Paul's Heart

Life As A Dad, And A Survivor

Archive for the category “Adoption”

Father’s Day Thoughts


I have made one thing clear to my daughters as they have either reached adulthood, or about to, of any of the holidays of the year, Father’s Day is the most important to me. As I am sure for many, Father’s Day carries many different emotions and feelings. But I define my life, by those three letters, “D” “A” “D”. And as the subtitle of my blog states, “life as a Dad, and a survivor,” “Dad” is the first mention of my two definitions.

I have made many references to Harry Chapin’s song “Cats In The Cradle” over the years. And as the meme suggests, as the song reaches its later verses, reality sinks in. And though I would never have expected Chapin to have added an alternate final verse, as a grown son in his fifties now, I wonder what he would have wrote and sung about life in the end, without “Dad”. As happy as Father’s Day is for many of us, it is also a sad day for those of us who have lost our Fathers, some long ago, some recently.

The life between my Father and I was a complicated one, a tale of two halves, fortunately, the second half being more memorable and lasting. And as I have written recently, I am finally working through at least one of the issues from my childhood with him.

And that brings me to others who are celebrating without their “Dads” for one reason or another. There are any number of reasons a child may not have a Father figure in their life. But none will be more difficult than a child knowing that they have a Father, somewhere, and either the Father has made the choice not be in that child’s life, or, just as bad, a mother choosing to alienate her child from their father. When this happens, while the intended target is the Father, it is ALWAYS the unintended target, the child, who will pay the most for that act. EVERY TIME! This is not only an unnatural act to deny a relationship with a parent, but it is child abuse.

Being a Dad has been one the most meaningful thing in my life. Being a parent does not come with a manual, if you are lucky, you may have experiences that you have witnessed from others that may help guide you.

Just to get to the point of becoming a father was an uphill battle for me with my health issues. Having the title of “Dad” does not automatically make you a Dad. Sure there are lots of fun and laughs watching your child grow, but parenthood also comes with seeing your children experience pain and sometimes heart break. And that can be real tough.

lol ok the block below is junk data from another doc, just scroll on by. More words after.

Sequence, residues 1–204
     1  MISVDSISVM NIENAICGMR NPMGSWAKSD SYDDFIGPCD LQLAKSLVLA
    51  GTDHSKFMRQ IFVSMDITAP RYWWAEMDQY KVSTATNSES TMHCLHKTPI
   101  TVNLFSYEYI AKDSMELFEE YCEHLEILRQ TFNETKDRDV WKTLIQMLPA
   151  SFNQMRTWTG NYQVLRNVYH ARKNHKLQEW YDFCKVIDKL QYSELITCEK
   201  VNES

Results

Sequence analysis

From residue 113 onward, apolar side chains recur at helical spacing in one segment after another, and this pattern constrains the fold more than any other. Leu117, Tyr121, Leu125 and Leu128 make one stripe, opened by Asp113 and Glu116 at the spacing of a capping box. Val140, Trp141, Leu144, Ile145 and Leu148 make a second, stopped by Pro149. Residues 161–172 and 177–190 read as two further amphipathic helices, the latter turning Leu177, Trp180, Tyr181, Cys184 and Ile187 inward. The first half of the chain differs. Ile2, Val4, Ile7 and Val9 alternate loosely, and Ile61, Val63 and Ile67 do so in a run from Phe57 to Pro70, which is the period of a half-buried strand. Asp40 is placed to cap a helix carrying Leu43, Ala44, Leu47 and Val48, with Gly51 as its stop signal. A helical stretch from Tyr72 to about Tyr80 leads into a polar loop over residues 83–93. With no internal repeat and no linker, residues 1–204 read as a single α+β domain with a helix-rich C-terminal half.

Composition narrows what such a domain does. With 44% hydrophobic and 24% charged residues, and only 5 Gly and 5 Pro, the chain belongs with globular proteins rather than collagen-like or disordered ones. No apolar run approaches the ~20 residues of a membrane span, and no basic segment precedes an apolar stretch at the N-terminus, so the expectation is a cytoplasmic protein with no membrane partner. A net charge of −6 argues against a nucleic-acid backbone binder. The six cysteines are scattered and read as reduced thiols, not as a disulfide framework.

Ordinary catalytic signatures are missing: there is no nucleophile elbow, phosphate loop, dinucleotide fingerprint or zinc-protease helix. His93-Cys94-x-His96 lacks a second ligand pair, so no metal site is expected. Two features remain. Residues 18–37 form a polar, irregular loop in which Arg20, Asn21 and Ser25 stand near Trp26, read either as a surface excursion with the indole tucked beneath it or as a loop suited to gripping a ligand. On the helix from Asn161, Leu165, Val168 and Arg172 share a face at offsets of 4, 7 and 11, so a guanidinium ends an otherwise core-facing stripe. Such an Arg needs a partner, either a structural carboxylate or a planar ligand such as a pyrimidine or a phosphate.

And if that is not hard enough, throw divorce into the mix. While trying to make sure that the bonds between father and child are not stressed or fractured, additional pressures are faced. Unlike my father who made the choice to be distant in my childhood, I promised my daughters I would always be in their lives. And I have kept that promise. With the exception of two Father’s Days early on in the divorce, for reasons I will not go into presently, I have celebrated this day every year with my daughters.

But just as Chapin’s song goes, when our children grow, they have their own lives, and eventually their own children, their own Father’s Days. And that may mean, just the phone call from your daughter or son having to be good enough. The first time that happens will always be hard. But to have gotten to this point in all of your lives is a foundation that can never be taken away.

I have one more Father’s Day yet with a “child,” and then I will have two grown daughters, who will always be my daughters, but may have something going on in their lives which may not allow them to be with me on this day. But I will have Facetime to fall back on, and just to see their smile will be just as good, to bring back all the memories that they have given me over the years.

And with each year, yes, I miss my Dad. I am sure that he is watching, and happy with the young ladies my daughters are becoming. And I am sure he is happy with the Dad I am. I know I am very happy.

Happy Father’s Day to all. And for those whose Fathers are no longer with them, I hope you have fond memories to carry you through this day.

40 Year Forgiveness For My Father


To quote Lizzo, “it’s about damn time.”

In over the span of a week, I got to experience two of the greatest milestones of being a Dad, graduation. My oldest daughter graduated from both her art program at the tech school that she attended, and of course, her high school. I am pretty sure that I was making more of a big deal about the pending ceremonies than she was. But I could tell, she knew things were about to change.

From the first note of the processional to the pronouncement of the completion of their education, my eyes were trained solely on my daughter. She would make a great poker player, as she does not often show emotion. But I could see it on her face, today was one of the happiest days in her short life. At each ceremony, as her name was called out, I felt the overwhelming emotion pour over me at the moment.

She did it.

She now enters the next stage of her life, and will quickly come to realize what I meant when I repeatedly told her to “stay a kid for as long as you can.”

Though these evenings were all about her, I wrote just a week ago, that I struggled with an issue since my graduation nearly forty years ago, the fact that my father had not attended my graduation, after a childhood I felt filled with absentee disappointments by my father, one after another. It was an actual struggle to keep my focus on my daughter, and not the actions of my father.